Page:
On the second day of the CODEL trip to Korea, Secretary Locke and the congressional delegation visited Pantech, one of the largest mobile phone makers in South Korea, to see firsthand how the U.S.-South Korea Trade Agreement will help American and South Korean businesses and workers in today’s global manufacturing and supply chain.
Currently, Pantech imports about half a billion dollars worth of U.S. products annually, including chipsets from Qualcomm (San Diego, Calif.) and Gorilla Glass from Corning Inc. (Corning, New York). Gorilla Glass is manufactured in Harrodsburg, Kentucky and is exported around the world for use in smart phones, tablets and other mobile devices and has applications across a large range of industries. In addition, nearly 60 percent of Pantech’s production equipment is made by U.S. companies.
With the approval and implementation of the U.S.-South Korea agreement, Pantech is expected to quadruple its purchase of U.S. products by 2015, while Corning will see existing tariffs on Gorilla Glass eliminated immediately upon implementation of the agreement. Corning, utilizing these benefits, will gain market share in South Korea’s growing mobile-device market by enhancing its competitiveness vis-à-vis other manufacturers in the region. Corning is also investing $180 million to expand its factory in Harrodsburg in order to meet the growing demands of its customers in Asia, including South Korea. Earlier in the day, Locke met with his South Korean counterpart, the Minister of Knowledge Economy Choi Joong-Kyung, to discuss KORUS and the cooperative relationship between the U.S. Department of Commerce and the Ministry of Knowledge Economy.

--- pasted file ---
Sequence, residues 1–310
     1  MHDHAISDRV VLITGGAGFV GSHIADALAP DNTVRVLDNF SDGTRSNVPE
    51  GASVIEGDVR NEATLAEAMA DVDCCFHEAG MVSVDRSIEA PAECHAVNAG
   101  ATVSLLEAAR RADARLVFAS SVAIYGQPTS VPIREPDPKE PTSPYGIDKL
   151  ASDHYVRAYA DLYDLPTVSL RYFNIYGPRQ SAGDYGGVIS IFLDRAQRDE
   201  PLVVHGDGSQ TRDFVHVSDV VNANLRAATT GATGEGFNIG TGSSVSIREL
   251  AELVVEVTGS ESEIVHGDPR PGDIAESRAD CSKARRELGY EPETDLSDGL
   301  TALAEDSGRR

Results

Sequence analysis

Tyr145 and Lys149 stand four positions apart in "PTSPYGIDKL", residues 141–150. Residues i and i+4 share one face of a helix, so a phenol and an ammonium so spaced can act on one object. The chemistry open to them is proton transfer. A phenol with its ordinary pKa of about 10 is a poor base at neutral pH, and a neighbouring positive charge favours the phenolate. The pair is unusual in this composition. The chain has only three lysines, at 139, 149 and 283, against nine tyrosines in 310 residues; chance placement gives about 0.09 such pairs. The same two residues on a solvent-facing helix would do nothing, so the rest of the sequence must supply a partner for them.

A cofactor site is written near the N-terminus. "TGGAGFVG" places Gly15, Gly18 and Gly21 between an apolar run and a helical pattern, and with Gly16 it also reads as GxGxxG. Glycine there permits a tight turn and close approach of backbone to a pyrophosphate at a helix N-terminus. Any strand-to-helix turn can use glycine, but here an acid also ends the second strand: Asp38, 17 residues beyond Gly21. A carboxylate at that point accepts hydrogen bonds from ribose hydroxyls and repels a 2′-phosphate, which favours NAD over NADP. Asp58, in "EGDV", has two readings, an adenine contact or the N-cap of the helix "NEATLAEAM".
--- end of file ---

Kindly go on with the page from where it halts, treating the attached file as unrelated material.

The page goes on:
At a luncheon hosted by the American Chamber of Commerce in South Korea that followed, Locke delivered the keynote address, stressing the importance and benefits of growing U.S.-South Korea commercial relations through the U.S.-South Korea Trade Agreement (KORUS ). Locke is in South Korea leading a bipartisan congressional delegation to demonstrate firsthand how this agreement will support job creation at home and spur economic growth in both the U.S. and South Korea.
“This trade agreement is going to help move forward significant national priorities for America and South Korea, while spurring economic growth and job creation in both countries,” Locke said. “For the United States, implementation of the agreement will help create a level playing field for U.S. businesses and workers, and help increase exports. For South Korea, this is an opportunity to secure preferential access to the U.S. market, lock in this access, and provide its companies with an edge over global competitors.”
Tomorrow, Locke and the delegation will visit the Demilitarized Zone -- the border between South Korea and North Korea. They will also have lunch with U.S. troops and their families, as well as the United Nations Command. The group will also meet with leaders of South Korea’s Democratic Party and Grand National Party, as well as the National Assembly Committee on Unification, Foreign Affairs, and Trade.